14. The connector according to claim 1 wherein the surface of said other portion of said housing adjacent said pivot point is inclined to permit insertion of said board such that said board corner is in proximity to said pivot point.

15. The connector according to claim 14 further comprising a securing means adapted to make a snap engagement with the board.

16. A low force insertion connector for use with a circuit board having a terminal on the surface thereof, said connector having a contact mounted thereon and being of the type in which the board is inserted into said connector in a first position wherein there is at most contact is achieved, said connector comprising a hous ing having a recess therein, said recess being defined, in] l 3 part, by a back wall, a bottom wall, and a front wall,

said contact being situtated in said recess adjacent said back wall, and an abutment within said recess integral with said bottom wall, said abutment and another portion of said housing joining to form a point about which said board pivots as said board moves from the first to y the second position, said pivot point being spaced from said contact along said abutment so as to form an unobstructed opening between said pivot point and said contact into which the board may be inserted, the pivot point engaging the board on the opposite side thereo from the contact-engaging side thereof.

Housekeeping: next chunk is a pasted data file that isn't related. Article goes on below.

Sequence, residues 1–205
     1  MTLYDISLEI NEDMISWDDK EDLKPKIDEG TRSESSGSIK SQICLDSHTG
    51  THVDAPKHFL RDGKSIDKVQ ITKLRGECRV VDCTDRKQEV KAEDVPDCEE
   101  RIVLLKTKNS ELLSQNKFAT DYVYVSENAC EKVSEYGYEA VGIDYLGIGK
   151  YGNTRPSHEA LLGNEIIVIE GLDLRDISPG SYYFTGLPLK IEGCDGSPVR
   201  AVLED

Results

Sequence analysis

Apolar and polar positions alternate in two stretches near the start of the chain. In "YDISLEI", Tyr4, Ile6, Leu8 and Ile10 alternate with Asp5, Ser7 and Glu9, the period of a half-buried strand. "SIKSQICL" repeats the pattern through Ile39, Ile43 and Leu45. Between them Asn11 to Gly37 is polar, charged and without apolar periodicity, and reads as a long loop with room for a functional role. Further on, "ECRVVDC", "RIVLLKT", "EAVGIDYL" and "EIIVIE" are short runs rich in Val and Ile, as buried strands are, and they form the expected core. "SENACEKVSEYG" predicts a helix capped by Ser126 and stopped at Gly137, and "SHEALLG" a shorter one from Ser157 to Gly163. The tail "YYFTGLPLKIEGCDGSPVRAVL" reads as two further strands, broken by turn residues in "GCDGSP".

- UNITED STATES PATENT OFFICE CERTIFICATE OF CORRECTION PATENT NO. 3,920,303

DATED 1 November 18, 1.975

INVENTOR(S) ROBERT B. PIT'I'MAN and MICHAEL OFFERYAN It is certified that error appears in the above-identified patent and that said Letters Patent are hereby corrected as shown below:

Please change inventof's name from ROBERT E. PITTMAN to ROBERT B. PITTMANO Signed and Sealed this seventeenth D ay Of February 1976 [SEAL] Arrest:

RUTH C. MASON C. MARSHALL DANN Arresting Officer Commissioner ofPatenrs and Trademarks

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Classifications
U.S. Classification439/326, 439/350
International ClassificationH01R12/16, H01R12/18
Cooperative ClassificationH01R12/83
European ClassificationH01R23/68B2